Seeking grand challenges
How do you go about finding a grand challenge? The problem has to be worth solving and, to be grand, should require significant effort with a hope of being solved.
Today in Projects and Communities,
the Java Patterns community links to an article on The Grand Challenges for computer science .The actual criteria for a Grand Challenge are that it "be a 15-year project with international participation. There should be a clear evaluation of success or failure, and it should offer fundamental and radical advances in basic science or engineering."
A UK expert panel is kicking off seven projects with the hopes that one or more of them will be able to graduate to the Grand Challenge level. One project looks to organize the mountain of digital data that you will accumulate throughout your life. Another project concerns Global ubiquitous computing based on the idea that "Within 20 years computers will be ubiquitous and globally connected."
The article ends by citing previous grand challenges:
- "Human Genome Project - achieved
- The Turing Test - outstanding
- A championship chess programme - achieved
- To find a cure for cancer within 10 years - failed in the 1970s
- Unify the four forces of physics - in progress "
We also point to JGoodies , our project spotlight for the week. Follow the links to check out the freely downloadable look and feels available from JGoodies . Screenshots are available from the "look" subproject.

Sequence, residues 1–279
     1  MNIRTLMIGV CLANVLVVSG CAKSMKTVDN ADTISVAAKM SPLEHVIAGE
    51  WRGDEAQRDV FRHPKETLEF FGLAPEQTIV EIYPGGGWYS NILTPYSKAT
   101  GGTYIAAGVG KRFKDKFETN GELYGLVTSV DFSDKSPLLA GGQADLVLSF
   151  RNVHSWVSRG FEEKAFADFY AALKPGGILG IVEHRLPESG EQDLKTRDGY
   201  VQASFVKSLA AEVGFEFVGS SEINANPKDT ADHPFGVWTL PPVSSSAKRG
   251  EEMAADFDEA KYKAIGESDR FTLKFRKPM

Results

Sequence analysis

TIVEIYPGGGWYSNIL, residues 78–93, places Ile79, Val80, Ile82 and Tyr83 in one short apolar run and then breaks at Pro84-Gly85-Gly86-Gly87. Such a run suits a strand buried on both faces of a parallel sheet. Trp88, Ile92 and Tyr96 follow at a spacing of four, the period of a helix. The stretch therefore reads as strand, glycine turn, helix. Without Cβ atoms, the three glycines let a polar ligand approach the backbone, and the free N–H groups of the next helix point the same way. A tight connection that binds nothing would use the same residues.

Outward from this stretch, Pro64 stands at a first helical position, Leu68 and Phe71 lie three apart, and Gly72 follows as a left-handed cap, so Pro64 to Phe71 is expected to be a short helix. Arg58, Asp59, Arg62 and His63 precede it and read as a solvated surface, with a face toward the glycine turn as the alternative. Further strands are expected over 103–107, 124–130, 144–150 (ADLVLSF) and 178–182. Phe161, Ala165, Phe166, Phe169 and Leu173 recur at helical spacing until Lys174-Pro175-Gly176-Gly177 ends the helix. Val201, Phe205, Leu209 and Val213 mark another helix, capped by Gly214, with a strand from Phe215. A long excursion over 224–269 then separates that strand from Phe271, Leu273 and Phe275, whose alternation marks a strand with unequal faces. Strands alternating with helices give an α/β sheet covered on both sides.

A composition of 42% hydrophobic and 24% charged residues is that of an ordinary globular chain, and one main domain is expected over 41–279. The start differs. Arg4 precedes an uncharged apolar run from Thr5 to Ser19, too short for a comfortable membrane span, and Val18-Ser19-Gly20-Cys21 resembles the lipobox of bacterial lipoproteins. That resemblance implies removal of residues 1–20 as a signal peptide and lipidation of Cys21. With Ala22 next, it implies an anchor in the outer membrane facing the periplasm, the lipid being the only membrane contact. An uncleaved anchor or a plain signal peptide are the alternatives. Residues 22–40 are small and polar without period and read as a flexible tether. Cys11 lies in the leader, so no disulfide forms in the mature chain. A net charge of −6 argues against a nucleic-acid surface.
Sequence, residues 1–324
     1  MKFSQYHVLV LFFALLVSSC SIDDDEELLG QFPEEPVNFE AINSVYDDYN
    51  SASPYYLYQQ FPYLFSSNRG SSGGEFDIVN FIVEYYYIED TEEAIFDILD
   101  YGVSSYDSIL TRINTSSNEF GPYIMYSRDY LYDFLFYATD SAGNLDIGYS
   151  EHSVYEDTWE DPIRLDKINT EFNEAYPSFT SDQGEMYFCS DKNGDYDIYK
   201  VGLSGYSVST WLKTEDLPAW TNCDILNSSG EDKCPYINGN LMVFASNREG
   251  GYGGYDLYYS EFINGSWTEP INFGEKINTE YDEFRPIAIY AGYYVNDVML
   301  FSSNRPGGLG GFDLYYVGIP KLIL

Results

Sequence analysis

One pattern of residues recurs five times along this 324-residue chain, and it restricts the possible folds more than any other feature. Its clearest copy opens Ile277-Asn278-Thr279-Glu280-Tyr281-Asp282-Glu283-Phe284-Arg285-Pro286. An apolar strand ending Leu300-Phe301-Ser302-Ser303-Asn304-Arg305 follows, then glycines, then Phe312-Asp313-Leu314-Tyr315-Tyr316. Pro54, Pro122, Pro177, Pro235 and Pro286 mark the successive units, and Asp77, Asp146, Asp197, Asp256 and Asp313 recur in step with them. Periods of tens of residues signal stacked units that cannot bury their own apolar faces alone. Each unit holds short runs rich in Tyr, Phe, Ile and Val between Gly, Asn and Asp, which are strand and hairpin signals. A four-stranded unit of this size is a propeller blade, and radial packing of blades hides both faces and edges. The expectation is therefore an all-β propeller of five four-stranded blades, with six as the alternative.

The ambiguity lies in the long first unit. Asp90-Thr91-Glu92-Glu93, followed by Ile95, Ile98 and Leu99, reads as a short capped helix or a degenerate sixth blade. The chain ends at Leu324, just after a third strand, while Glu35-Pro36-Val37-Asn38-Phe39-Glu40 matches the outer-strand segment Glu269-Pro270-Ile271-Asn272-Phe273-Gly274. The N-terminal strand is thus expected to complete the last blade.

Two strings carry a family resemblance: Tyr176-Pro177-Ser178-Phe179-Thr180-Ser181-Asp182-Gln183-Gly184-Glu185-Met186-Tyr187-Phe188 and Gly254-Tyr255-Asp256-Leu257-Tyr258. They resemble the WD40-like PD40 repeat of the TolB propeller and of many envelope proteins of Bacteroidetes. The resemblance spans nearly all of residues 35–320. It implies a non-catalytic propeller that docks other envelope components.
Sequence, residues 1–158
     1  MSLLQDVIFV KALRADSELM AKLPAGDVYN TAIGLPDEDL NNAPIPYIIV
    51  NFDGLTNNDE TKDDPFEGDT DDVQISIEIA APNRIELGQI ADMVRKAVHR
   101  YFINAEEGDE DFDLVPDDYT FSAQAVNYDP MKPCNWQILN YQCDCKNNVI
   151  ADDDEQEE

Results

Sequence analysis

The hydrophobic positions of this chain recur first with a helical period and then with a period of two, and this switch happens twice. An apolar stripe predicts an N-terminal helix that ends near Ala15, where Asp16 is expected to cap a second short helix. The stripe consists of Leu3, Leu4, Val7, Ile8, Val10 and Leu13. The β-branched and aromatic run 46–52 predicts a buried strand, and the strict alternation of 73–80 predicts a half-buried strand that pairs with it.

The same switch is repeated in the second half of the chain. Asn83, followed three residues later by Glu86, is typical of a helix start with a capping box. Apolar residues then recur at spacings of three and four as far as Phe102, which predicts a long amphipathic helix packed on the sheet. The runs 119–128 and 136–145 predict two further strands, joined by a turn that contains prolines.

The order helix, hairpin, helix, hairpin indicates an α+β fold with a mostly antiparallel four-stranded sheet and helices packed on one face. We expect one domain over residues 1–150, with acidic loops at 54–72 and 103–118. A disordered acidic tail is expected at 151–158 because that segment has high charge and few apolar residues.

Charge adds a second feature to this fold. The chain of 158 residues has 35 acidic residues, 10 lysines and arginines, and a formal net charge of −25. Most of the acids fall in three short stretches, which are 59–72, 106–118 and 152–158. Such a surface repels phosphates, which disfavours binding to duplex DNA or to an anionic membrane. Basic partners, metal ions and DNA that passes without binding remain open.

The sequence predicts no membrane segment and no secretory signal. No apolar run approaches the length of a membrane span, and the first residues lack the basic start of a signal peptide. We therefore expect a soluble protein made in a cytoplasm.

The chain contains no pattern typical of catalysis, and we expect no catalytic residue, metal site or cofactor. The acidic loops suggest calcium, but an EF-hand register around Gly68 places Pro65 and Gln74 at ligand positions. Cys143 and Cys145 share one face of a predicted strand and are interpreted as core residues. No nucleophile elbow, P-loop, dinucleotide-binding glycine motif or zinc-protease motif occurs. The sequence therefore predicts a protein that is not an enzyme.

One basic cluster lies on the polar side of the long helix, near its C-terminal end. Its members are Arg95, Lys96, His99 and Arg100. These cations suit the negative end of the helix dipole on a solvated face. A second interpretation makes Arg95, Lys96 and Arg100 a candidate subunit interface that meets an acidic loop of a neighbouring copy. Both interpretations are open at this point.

In his Weblog entry today Simon Brown praises HttpClient - another great Jakarta Commons component. Rather than implementing HTTP POSTs himself, Simon recently discovered how easy it is to use the Jakarta Commons
HttpClient. In a talkback, ajsutton adds that "The best starting point for HttpClient is to read the tutorial. It's available at http://jakarta.apache.org/commons/httpclient/tutorial.html and outlines the right pattern for HttpClient usage. "
David Walend continues the thread that includes arguments on both sides of the exception issue. In Design for Exceptions David writes
Unlike the rest of the API, which gets defined during design, I've found exceptions tend to bubble up from implementation. Sometimes it's obvious that something will go wrong at design time, but often I need to create some new exceptions while implementing the code. Plus I like to create very descriptive subclasses of my abstract exception. Specific subclasses make it easier for code handling the exception to determined what failed and how to react. That's what Dr. Gosling means by, "... in a throws clause ... be as specific as possible."
David also refers to Felipe Leme's latest blog entry It's time to move on. Felipe notes that even if Tiger (J2SE 1.5) were released today, it's going to take a long time before we see adoption in major applications. He point out that J2SE 1.4 is in its third version and despite how long it has been around, there are plenty of applications that still use 1.3. He predicts that "with Tiger and its language changes, this situation can be even worse, as the IDEs have to adapt themselves to these changes."
In Also in Java Today popular culture makes its way into tech writing with Larry O'Brien's Java Eye for the .NET Guy . Larry's article is in a series on Windows and .NET and reminds the community that there is plenty that the .NET programmers can learn from the experience of Java developers. Get past the opening paragraph and comments such as "Of course, there are those who